Posted by Jeremy Steinberg on December 11, 2002 at 11:14:10:
In Reply to: What about Paul DeLay? posted by Armando on December 10, 2002 at 14:04:32:
: I just discovered this guy's music and he plays a mean harp! Anyone else dig him?
PAUL DELAY is probably one of the world's best blues CHROMATIC harmonica players. He ONLY plays chromatic. He started playing/recording strictly blues, but has branched out into funk/blues, jazz/blues, etc., while still retaining his blues 'roots'. He is based on the West Coast, in Washington State, I believe. He tours extensively, is highly regarded, and has put out at least 5-6 CDs (I have at least 4 of them). He also is able to bend chromatic reeds better than the majority of chromatic players, except the best-known virtuosos.
There is ALOT to be said for playing chromatic harp, which most blues players don't. The 12 note chromatic scale includes all sharps and flats (4 additional notes per scale included that are not readily available in a diatonic, unless you are very good), but the slide intimates alot of players who would like to learn, as does the cost. A good Hohner-made chromatic starts at about $100, and the Super 64x runs upwards of $200, though you can find it mail-order for less. The Super 64x has a lucite comb, I believe, rather than wood or plastic. There are other mfgs of them as well, including Hering, Suzuki, etc. I have a Hering Opus, but I prefer the S. 64x above all other 'mass-produced' chromatics. Of course, the best ones are 'custom' built, but also run $500 to as much as $3,000 or more.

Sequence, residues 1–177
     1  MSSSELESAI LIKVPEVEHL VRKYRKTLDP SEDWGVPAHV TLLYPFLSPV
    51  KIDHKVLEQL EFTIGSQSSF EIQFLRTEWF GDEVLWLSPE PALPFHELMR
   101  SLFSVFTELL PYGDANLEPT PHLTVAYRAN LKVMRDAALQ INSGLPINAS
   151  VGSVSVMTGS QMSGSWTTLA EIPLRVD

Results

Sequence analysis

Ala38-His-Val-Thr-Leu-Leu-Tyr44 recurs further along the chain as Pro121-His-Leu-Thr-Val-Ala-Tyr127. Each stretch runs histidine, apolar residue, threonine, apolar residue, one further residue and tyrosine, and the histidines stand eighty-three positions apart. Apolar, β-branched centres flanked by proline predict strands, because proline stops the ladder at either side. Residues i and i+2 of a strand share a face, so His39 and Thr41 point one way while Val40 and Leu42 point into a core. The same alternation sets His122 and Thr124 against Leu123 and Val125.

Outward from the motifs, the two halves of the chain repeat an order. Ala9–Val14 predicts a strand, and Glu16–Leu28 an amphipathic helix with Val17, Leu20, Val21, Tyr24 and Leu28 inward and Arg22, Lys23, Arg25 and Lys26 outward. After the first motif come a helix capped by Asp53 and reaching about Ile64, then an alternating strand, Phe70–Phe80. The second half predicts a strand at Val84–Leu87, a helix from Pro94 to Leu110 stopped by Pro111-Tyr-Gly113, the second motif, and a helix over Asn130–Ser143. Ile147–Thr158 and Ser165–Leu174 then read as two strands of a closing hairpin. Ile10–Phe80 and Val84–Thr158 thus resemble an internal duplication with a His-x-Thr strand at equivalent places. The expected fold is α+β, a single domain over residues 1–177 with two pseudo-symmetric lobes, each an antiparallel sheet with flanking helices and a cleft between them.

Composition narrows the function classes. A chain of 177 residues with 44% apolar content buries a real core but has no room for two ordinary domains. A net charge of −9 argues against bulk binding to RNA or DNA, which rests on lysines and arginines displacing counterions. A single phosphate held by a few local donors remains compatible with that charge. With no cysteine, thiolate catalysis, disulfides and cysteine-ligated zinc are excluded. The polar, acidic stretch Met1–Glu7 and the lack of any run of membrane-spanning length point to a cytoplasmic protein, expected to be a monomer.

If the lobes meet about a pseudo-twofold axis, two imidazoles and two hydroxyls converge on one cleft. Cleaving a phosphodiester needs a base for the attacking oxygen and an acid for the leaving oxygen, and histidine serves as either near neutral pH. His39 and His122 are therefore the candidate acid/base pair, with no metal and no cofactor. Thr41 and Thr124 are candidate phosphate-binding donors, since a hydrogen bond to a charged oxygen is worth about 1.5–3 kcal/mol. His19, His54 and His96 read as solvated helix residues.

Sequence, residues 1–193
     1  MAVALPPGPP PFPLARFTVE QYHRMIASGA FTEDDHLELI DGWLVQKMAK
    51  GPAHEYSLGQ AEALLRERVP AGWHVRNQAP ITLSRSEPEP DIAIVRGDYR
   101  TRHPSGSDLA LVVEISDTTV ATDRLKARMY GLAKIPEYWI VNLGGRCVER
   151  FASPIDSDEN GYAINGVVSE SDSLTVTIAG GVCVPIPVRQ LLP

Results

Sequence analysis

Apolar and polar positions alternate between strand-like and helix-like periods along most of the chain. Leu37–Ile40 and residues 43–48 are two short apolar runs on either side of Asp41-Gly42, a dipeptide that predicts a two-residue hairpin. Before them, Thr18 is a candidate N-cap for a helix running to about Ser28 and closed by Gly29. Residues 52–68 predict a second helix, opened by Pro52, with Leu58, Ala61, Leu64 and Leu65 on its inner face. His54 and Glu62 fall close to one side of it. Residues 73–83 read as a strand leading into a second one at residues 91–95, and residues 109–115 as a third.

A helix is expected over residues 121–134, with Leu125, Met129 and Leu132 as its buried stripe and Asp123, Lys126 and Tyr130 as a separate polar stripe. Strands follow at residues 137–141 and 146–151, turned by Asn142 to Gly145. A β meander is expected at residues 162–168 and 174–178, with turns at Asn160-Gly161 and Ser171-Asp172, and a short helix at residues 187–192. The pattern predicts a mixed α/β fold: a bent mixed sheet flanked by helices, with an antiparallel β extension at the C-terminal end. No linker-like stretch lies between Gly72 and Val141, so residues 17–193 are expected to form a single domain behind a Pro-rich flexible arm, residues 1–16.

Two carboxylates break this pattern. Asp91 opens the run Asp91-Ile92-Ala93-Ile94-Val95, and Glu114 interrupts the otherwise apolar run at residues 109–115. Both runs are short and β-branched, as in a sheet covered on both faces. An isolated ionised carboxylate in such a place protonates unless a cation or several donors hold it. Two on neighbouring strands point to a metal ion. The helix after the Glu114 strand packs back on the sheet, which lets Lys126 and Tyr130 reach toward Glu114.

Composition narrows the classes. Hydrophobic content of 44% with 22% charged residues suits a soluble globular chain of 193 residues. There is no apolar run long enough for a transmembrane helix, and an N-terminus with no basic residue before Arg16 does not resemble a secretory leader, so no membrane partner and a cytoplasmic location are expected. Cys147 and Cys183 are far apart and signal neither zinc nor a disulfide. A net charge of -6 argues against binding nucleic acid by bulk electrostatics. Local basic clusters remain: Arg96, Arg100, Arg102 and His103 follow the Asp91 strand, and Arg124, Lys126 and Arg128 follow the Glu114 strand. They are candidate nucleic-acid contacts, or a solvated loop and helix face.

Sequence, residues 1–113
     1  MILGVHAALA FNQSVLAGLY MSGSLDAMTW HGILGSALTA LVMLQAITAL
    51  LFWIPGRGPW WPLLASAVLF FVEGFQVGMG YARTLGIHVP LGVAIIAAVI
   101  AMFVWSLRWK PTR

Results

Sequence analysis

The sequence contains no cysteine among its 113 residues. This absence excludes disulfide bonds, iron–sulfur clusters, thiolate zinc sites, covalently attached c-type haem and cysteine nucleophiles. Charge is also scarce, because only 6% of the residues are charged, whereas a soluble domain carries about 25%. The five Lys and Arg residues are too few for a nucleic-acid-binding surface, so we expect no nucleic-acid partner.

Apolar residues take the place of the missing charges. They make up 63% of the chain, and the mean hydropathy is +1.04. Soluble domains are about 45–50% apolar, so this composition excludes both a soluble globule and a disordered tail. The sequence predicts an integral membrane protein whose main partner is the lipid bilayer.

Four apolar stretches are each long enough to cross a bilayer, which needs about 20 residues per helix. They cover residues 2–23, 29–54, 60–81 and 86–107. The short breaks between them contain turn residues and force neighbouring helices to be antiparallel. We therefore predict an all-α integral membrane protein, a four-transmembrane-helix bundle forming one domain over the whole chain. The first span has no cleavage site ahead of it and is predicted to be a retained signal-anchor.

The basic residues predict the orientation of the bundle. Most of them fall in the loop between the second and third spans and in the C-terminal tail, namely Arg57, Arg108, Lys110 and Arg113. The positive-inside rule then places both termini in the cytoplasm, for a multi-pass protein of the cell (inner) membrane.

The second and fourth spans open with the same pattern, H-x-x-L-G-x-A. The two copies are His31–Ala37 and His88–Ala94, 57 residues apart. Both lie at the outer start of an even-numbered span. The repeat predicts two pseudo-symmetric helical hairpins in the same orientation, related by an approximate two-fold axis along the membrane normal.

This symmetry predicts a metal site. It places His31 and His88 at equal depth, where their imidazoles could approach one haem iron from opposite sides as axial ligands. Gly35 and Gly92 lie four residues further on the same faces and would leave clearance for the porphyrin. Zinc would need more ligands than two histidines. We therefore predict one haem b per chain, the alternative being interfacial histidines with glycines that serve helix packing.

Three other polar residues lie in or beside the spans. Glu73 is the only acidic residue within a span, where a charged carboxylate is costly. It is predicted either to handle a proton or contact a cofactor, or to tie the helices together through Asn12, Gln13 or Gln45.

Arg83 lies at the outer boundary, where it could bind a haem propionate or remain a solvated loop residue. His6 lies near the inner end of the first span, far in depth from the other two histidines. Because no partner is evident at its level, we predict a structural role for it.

Diatonic players can expand their thinking by practicing on the chromatic scale. Chromatic harp players can expand their thinking by working on bends, which of course the diatonic is better known for.
There are plastic-bodied chromatics you can buy for less than $100 from mail-order houses, that have a decent reputation, too.
If you take the plunge, you will want to figure out the chromatic scale, and practice it, up and down, to get fluent.
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